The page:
FRAME has recently published an analysis of the value of studies in dogs for predicting the safety of human medicines. The salient feature of this study is the use of appropriate statistical metrics, which have not previously been applied to such data. The results shine a new light on our reliance on dogs for this purpose, suggesting that they contribute little or nothing to ensuring our safety. Read the paper or watch the presentation by lead author Dr Jarrod Bailey.
We look forward to working with FRAME and OpenTox on a new study to assess the value of human in vitro approaches to predict the safety of medicines. Data will kindly be provided by the US Government ToxCast programme, part of the Tox21 initiative, and by the US National Center for Toxicological Research. The study will measure the ability of human in vitro tests to predict drug-induced liver injury (DILI) against the ability of animal tests to do so.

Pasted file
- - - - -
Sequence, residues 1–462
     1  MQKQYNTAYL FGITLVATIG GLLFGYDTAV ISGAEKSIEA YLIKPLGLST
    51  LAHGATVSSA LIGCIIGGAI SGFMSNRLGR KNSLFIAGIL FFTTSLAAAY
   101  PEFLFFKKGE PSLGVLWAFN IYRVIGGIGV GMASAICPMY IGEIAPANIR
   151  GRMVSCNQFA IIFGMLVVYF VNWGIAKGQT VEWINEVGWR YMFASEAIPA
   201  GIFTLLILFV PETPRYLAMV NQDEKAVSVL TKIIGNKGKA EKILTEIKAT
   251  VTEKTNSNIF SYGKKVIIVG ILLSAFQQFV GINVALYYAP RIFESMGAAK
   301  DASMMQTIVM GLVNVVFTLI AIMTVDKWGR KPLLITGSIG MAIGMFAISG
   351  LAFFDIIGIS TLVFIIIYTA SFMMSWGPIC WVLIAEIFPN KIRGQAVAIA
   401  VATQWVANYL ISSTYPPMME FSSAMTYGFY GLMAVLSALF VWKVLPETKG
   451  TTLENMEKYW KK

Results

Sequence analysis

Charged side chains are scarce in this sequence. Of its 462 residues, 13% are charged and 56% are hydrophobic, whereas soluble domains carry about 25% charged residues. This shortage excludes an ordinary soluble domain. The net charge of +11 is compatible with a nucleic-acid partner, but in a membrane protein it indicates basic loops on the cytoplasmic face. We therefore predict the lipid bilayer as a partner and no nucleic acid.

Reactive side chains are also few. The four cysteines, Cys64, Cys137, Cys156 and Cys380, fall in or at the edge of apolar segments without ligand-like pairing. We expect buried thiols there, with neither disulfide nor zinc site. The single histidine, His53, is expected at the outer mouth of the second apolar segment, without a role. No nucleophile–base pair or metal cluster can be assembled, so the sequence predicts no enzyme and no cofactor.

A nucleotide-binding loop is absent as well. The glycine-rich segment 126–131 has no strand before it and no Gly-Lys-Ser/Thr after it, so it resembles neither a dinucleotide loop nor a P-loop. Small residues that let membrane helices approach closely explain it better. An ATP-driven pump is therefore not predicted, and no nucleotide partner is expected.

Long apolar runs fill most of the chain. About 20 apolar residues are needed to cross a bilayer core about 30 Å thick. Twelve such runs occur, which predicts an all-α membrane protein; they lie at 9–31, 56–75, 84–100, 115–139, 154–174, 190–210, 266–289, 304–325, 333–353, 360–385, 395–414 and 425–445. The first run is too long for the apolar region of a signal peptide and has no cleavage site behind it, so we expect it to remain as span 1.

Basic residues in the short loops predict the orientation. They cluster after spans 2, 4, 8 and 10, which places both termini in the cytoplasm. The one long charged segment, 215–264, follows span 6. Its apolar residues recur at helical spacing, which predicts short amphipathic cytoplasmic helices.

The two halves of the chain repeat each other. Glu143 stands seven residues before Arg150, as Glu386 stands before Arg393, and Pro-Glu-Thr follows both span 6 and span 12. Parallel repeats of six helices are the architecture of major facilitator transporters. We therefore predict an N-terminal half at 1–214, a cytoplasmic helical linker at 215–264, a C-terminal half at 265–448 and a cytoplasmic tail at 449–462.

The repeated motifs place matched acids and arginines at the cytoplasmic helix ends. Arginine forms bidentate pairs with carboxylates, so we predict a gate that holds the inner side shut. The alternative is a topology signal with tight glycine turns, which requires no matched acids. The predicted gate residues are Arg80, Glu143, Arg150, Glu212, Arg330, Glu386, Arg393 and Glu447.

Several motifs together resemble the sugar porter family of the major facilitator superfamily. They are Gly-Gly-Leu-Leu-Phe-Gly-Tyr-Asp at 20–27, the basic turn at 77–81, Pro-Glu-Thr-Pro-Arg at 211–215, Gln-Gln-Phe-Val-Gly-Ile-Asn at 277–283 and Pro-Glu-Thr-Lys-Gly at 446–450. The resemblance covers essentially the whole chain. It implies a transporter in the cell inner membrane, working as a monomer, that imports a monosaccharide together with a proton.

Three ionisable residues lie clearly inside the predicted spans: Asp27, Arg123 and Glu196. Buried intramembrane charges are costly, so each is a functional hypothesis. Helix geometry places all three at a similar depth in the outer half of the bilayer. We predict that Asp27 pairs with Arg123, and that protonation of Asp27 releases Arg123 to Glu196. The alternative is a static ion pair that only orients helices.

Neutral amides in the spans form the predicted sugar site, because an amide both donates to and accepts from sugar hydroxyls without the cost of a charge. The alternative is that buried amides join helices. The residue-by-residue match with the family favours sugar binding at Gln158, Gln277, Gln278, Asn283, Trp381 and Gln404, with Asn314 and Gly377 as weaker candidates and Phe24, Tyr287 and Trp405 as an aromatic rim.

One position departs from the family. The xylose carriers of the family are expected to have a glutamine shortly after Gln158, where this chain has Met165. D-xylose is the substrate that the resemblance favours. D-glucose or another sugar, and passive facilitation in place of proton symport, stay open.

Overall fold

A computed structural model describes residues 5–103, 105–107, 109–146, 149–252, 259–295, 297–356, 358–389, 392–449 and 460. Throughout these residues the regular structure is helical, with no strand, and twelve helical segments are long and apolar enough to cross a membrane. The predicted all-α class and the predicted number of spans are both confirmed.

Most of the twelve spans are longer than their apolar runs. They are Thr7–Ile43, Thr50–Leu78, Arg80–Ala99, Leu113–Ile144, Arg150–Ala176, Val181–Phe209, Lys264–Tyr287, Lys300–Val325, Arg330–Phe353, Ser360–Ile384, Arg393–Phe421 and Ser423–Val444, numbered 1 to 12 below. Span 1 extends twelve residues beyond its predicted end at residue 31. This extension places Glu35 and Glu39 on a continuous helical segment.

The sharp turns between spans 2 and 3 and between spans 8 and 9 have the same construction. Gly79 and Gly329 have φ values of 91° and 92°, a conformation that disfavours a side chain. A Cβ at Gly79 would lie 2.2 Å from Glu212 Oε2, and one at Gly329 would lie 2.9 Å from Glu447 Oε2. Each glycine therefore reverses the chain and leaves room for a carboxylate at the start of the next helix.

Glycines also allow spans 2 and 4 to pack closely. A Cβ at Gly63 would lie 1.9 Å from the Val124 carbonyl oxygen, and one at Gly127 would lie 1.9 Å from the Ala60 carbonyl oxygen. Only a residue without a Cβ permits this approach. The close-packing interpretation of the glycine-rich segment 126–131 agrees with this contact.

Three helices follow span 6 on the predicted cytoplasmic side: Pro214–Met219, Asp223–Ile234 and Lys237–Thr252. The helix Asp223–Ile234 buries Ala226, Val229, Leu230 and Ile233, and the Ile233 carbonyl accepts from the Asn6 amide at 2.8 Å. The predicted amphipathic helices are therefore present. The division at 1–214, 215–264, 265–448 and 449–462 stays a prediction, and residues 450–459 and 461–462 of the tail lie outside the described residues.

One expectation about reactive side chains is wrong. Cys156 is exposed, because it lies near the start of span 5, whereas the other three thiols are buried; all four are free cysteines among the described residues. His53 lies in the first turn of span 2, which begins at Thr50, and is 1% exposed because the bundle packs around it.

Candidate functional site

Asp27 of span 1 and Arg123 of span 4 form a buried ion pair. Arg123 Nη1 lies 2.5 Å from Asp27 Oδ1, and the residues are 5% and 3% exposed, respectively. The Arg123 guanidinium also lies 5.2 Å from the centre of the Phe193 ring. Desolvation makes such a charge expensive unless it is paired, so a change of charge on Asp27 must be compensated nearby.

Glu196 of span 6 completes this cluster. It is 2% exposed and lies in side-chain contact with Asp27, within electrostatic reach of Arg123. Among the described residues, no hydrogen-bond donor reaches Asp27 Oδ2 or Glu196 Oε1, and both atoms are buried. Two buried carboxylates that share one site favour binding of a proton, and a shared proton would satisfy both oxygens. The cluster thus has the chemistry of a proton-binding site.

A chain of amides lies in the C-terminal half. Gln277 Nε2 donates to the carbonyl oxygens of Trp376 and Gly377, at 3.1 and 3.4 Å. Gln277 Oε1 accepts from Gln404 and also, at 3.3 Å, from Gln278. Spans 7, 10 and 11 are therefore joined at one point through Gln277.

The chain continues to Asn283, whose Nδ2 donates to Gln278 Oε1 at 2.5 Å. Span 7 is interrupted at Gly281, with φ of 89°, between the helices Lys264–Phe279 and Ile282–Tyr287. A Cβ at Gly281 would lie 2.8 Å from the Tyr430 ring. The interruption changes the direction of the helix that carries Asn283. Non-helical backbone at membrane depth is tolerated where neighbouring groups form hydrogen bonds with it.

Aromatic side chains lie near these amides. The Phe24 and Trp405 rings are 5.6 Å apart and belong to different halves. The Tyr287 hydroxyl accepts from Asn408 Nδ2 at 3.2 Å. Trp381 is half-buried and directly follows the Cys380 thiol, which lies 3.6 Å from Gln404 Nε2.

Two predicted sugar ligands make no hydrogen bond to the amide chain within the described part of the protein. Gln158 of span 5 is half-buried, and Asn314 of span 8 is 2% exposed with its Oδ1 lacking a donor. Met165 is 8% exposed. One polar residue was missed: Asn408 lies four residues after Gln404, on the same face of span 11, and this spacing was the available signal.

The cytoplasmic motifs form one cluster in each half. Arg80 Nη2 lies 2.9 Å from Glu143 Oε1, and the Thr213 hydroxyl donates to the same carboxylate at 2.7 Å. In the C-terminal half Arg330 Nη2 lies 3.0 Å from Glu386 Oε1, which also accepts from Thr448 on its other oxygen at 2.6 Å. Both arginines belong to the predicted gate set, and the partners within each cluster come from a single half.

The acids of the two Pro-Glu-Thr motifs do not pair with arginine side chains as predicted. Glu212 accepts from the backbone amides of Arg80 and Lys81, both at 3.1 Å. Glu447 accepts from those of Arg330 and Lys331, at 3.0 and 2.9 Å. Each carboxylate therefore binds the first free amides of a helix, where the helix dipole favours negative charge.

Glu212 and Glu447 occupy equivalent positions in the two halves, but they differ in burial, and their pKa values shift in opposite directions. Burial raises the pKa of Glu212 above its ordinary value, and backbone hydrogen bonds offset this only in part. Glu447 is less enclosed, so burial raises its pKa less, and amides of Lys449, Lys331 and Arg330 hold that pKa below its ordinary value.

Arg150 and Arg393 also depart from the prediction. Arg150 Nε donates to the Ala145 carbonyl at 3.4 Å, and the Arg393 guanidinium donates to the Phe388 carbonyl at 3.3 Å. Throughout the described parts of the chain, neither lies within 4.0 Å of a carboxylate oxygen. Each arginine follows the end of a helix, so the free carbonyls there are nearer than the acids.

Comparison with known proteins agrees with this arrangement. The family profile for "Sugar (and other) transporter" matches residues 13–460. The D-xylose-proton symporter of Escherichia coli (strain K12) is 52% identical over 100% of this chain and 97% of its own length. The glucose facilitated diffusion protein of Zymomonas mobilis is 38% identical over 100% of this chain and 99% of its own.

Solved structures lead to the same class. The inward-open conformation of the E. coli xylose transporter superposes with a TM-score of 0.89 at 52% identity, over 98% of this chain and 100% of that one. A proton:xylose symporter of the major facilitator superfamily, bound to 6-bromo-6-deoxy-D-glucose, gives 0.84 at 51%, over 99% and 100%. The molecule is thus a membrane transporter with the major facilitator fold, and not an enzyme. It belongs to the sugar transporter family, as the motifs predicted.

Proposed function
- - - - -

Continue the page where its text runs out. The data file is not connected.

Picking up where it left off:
World Patient Safety Day is grounded in the most fundamental principle of medicine – first do no harm “Medication Safety” is the theme for World Patient Safety Day 2022. Safer Medicines Trust is a patient safety charity whose mission is to improve the safety of medicines, so we very much support calls for “Medication Without Harm”. The World […]The crisis of Alzheimer’s disease research: it’s time to embrace a new approach to help patients
The problem Alzheimer’s disease (AD) is a leading cause of death in the UK and along with other dementias, is responsible for almost 11% of all deaths in England.1 More than 209,000 new cases are diagnosed each year across the UK.2 It remains a leading cause of death and disability worldwide3, affecting nearly 50 million […]